I made those words up, David hasn’t said that.  Just to be clear that I am putting my imagined words into his mouth!

He is able to recognise that there is hurt, the cause of some of that hurt is the words that are used as a justification to continue to marginalise gay people the world over.  David even said the words to our faces, in his church, in his ‘safe place’

“Do not have sexual relations with a man…that is detestable”

That’s in the NIV Bible.  Many of us much prefer the King James version.

“Thou shalt not lie with mankind, as with womankind: it is abomination.”

Abomination is so much more powerful than detestable.

When we track back why people are opposed to marriage equality, when you strip away all the silly reasons that are offered, you know, breakdown of traditional family unit, denying children the right to be brought up by both parents, and so on, the reason driving all of this is their religion.  The basis of that belief is the book of Leviticus, written by authors unknown for a bunch of people wandering around the desert looking for the promised land.  Or at least that’s what we are lead to believe.

I reject that outright.  The bible does not hold any truth for me at all.  It simply does not apply to my life.

David also says in the article:

it’s a role of the Church to make sure there’s “proper, mature debate” about gay marriage (which can only be changed by government legislation.)

“One of our roles is to say look we believe that God made the world and the lord Jesus Christ is king of all things and he actually knows best.”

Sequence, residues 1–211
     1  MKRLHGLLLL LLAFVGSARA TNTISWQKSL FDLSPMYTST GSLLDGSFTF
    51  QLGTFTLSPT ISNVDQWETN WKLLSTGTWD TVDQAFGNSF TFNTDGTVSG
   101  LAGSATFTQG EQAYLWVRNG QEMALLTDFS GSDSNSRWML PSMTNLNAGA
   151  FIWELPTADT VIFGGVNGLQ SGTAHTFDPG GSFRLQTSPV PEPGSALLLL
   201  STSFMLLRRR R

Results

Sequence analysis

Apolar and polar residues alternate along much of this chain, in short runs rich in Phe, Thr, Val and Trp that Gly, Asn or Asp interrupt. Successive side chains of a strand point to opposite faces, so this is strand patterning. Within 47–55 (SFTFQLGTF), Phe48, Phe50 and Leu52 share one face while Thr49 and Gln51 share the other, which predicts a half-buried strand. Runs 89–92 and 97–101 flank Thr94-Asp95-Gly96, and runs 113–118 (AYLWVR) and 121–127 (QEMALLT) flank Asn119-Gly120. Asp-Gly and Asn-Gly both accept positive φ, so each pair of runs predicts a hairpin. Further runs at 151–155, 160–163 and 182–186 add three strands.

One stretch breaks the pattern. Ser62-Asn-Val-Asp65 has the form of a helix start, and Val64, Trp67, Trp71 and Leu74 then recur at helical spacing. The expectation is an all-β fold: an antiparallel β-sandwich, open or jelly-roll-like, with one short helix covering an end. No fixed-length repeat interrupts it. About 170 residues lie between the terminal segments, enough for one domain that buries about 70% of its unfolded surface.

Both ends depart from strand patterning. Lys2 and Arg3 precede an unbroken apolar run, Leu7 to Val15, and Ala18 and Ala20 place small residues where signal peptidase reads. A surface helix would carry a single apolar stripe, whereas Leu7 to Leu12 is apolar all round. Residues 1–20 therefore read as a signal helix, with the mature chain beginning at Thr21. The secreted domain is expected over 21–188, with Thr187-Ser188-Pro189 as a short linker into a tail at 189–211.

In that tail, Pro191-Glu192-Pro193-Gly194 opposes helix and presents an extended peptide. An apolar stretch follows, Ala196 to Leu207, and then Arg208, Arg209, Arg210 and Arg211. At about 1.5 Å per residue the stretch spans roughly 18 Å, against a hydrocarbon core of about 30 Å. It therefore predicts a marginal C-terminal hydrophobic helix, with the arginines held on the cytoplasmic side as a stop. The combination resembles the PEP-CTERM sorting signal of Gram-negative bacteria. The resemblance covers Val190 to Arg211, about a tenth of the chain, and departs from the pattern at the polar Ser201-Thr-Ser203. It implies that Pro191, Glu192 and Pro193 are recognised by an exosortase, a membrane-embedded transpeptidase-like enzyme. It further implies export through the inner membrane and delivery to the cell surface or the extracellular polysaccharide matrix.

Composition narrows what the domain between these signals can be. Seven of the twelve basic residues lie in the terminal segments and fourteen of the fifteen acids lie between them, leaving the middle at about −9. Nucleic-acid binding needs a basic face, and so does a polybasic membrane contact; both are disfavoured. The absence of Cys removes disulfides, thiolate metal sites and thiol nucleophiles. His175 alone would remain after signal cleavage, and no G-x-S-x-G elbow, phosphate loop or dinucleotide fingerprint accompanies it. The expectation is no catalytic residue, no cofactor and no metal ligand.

The assumption that the church has a role ‘to make sure’ something happens in our society is quite frankly arrogant.   The church as it stands does not represent the majority of Australians, David’s brand of church certainly isn’t the majority and it lost its moral authority decades ago, about the time that the rest of society worked out that ministers are people just like everyone else, able to lie, steal, cheat and some of them abuse children.  David and his church can have a say in the affairs of the world and here’s the but, it’s not the role of the church to make sure of anything other than its own in-house standards.  Why?  Because there is no god that made everything, there is no king of all things and to suggest that some fictional character, Jesus, knows best is laughable.

Stop using the rules of your religion to tell me how to live my life.

That’s my quote.

2014-08-15-Guide-to-Outrage

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Aug 13

Today is a day of anniversaries for me.

I’m celebrating the 30th Anniversary of my Coming of Age.

I’m celebrating the anniversary of my birth.  51 years.

I’m recalling my first trip overseas.

Then, there’s a couple of other anniversaries that need mentioning.

Marriage Equality was blocked in Australia 10 years ago today.

30 years ago was the last time my family was together.

So yes, Happy Birthday to me.  See my blog this time last year!

I remember my birthday 10 years ago.  We were going out to dinner to celebrate.  Somewhere in Chinatown in Melbourne.  It was all arranged.

I wasn’t so much an activist back then.  It had only been a couple of years since I had embraced my sexuality and I was still coming to terms with what it all meant.